11:40 a.m. … Today's live blog is just like the sale itself–a bit slow to get going. I spent the first hour wandering the grounds and talking with buyers and consignors, and there are very few optimists in this crowd. The negative forces at work include the global economy, market volatility, the credit squeeze, the disappearance of investment money for pinhookers, troubles in the racing industry, a shortage of new owners and departure of some existing ones…you name it. One horseman who buys and sells, after perusing Monday's results sheet, said: “We should be bowing to Sheikh Mohammed for doing his best to hold this sale up. If it wasn't for him–and he's buying horses through other agents besides John Ferguson–it would be a lot worse than it already is, and it's bad enough.”

Speaking of Sheikh Mohammed, he helped break through the seven-figure ceiling that seemed almost a psychological barrier for the first 245 Hips catalogued. Standing alongside the ruler of Dubai, Ferguson signed the ticket for a $1 million filly by Unbridled's Song out of the Strawberry Road mare, Strawberry Reason, consigned by Stone Farm as agent. The filly is a half sister to champion Vindication.

12:10 p.m. … Last year's second session of the Keeneland September yearling sale was a bit stronger in average price than the first day, with 146 yearlings selling for $57,310,000, an average price of $392,534 and a median of $300,000.

The cumulative figures for the first two days in 2008 were: 300 sold for $113,357,000, an average of $377,857 and a median of $300,000.

So far in today's second session, including the first 40 catalogued, 22 yearlings have sold for $6,600,000, an average of $300,000 and median of $247,500 (the average includes the only $1 million horse sold thus far). There have been 12 RNAs, 35.3% (at an average price of $156,667), somewhat better than Monday's opening session. The average and median are both up from Monday, too, but still significantly down from 2008.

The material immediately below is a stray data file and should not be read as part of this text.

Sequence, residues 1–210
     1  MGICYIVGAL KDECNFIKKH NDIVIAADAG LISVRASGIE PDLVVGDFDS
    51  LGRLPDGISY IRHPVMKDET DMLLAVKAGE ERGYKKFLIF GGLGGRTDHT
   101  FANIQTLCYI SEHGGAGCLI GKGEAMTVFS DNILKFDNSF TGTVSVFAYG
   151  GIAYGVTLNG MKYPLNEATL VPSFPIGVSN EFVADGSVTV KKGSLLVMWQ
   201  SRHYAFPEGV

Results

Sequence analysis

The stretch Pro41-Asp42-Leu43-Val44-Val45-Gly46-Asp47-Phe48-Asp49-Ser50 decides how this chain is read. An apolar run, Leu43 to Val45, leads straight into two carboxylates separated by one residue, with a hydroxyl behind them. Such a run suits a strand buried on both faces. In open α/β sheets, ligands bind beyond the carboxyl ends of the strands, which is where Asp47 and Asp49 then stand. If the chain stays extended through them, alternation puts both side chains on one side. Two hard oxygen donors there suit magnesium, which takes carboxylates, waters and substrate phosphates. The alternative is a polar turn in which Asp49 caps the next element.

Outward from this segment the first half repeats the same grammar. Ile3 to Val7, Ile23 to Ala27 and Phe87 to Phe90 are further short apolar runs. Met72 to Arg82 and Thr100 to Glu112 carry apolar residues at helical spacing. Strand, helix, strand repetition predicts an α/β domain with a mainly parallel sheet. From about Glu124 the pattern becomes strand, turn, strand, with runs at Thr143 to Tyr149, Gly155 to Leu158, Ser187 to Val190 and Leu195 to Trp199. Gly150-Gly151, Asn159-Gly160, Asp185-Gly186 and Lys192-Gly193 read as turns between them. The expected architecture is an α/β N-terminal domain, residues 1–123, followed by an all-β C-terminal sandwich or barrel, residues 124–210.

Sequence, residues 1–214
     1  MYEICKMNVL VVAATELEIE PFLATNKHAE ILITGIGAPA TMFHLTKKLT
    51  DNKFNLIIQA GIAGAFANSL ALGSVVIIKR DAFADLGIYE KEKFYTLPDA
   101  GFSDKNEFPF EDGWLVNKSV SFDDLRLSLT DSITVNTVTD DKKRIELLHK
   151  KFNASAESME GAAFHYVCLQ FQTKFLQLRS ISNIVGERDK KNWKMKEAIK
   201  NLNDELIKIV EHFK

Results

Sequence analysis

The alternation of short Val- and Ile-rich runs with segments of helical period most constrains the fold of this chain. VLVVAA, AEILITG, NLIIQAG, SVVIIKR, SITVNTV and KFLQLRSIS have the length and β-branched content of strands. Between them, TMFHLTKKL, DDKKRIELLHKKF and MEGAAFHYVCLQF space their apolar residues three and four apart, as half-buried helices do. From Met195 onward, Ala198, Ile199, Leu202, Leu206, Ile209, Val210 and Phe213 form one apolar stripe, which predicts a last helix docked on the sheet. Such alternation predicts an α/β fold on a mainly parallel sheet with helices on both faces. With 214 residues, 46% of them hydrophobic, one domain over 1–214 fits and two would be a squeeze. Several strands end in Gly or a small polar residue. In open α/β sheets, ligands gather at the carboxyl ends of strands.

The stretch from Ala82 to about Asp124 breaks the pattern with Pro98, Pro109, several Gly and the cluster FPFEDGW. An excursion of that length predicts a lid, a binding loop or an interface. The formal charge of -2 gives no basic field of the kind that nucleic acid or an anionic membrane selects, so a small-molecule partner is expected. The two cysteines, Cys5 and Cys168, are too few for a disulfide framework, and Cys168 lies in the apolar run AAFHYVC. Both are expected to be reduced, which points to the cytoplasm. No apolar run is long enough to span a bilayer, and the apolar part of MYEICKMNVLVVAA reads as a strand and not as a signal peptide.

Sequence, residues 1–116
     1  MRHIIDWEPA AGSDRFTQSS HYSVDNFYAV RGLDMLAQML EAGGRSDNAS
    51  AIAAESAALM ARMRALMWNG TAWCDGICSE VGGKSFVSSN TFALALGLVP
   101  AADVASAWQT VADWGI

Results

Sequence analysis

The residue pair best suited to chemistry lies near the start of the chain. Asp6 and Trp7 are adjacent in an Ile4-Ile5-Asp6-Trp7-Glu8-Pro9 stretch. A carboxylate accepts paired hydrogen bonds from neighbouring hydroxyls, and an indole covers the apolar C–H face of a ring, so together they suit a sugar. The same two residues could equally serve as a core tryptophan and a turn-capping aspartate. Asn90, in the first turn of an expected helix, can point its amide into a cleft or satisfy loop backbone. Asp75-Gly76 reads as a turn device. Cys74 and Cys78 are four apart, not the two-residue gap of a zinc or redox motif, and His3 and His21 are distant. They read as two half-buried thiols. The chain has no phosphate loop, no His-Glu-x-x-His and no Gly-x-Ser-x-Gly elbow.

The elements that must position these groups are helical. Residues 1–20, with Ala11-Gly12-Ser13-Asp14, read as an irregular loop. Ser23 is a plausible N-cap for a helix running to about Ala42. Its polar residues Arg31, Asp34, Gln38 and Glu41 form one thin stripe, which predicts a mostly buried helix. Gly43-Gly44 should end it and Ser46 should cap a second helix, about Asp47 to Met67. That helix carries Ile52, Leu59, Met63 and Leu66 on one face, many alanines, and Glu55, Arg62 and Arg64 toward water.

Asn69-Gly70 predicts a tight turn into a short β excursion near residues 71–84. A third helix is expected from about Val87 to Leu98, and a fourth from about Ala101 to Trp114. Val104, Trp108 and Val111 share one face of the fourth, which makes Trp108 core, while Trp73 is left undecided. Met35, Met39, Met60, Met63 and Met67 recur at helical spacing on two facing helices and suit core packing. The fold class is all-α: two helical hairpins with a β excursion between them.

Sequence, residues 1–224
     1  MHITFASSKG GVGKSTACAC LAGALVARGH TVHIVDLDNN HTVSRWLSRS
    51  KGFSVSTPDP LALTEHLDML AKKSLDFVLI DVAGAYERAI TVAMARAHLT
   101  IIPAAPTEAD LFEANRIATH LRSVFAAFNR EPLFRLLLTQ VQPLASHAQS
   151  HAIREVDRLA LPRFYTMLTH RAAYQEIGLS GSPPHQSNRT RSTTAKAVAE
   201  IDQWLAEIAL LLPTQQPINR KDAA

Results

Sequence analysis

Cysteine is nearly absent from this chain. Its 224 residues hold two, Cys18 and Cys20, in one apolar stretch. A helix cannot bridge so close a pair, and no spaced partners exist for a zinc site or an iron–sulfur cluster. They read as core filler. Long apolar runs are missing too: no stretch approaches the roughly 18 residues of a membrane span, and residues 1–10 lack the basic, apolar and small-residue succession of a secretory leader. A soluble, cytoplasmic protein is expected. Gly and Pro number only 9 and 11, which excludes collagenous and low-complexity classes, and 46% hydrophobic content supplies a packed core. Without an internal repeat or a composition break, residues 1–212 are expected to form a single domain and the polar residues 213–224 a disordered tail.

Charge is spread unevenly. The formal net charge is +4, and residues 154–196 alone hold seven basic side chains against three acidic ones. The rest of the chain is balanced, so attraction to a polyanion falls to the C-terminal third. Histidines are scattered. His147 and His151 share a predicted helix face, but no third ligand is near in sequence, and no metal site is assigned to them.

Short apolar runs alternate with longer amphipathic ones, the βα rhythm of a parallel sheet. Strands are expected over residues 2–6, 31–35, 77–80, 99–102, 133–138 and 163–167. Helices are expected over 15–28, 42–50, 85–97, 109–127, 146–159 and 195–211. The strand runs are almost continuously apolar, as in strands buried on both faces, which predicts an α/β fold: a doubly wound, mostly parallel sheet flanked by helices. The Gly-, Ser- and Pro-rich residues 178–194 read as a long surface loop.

12:30 p.m. … With the two select sessions nearly 65% complete (Hips 1-268 of the 418 catalogued), here are the cumulative numbers (comparable figures are listed above in the 12:10 p.m. update): 141 sold sold for $34,294,000, an average of $243,220 and median price of $200,000. The number bought back stands at 95, or 40.3% of those through the ring. Today's RNAs are running at 37%.

2:20 p.m. … Here's a new one. Hip 296, an Elusive Quality colt that was selected for book one of the Keeneland sale, left the ring without a single bid being made on it. I haven't seen that before during the select sessions. A short time earlier, when Hip 280, a Giant's Causeway colt, left the ring, he sold for just $5,000. It's an unforgiving market.

Through Hip 310 (the session ends at Hip 418), the average for Tuesday was $270,756 and the median was identical to Monday's $200,000. There have been 32 RNAs, a buyback rate of 36%. The buybacks have averaged $153,563. Today's average is down 31% from 2008's comparable session. It's improved, but it's hard to find many smiling faces around here.

2:35 p.m. … That was a pleasant deja vu. John Magnier vs. Sheikh Mohammed, just like in the days of old. The two international Thoroughbred giants hooked up in the first battle royal of the sale, Hip 342, a Storm Cat colt out of the Indian Charlie mare Fleet Indian, consigned by Taylor Made Sales Agency on behalf of the Summer Wind Farm of Frank and Jane Lyons, brought a final bid of $2,050,000 from Sheikh Mohammed and agent Ferguson, who were standing out back in their usual spot. Magnier, who is usually just a few paces behind the sheikh's entourage by the horse path near the back ring, had slipped inside the pavilion to do his bidding, according to sources. The final price more than doubled the sale's previous high of $1 million. The colt is the first foal out of Fleet Indian, a winner of 13 of 19 starts and champion older mare in North America.